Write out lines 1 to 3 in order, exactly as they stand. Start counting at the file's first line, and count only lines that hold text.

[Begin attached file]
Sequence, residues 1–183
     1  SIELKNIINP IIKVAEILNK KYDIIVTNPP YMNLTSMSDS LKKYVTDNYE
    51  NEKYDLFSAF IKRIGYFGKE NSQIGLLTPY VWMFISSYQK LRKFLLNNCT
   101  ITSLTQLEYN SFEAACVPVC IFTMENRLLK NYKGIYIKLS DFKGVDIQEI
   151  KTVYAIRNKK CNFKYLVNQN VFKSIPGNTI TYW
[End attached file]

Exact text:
Sequence, residues 1–183
     1  SIELKNIINP IIKVAEILNK KYDIIVTNPP YMNLTSMSDS LKKYVTDNYE
    51  NEKYDLFSAF IKRIGYFGKE NSQIGLLTPY VWMFISSYQK LRKFLLNNCT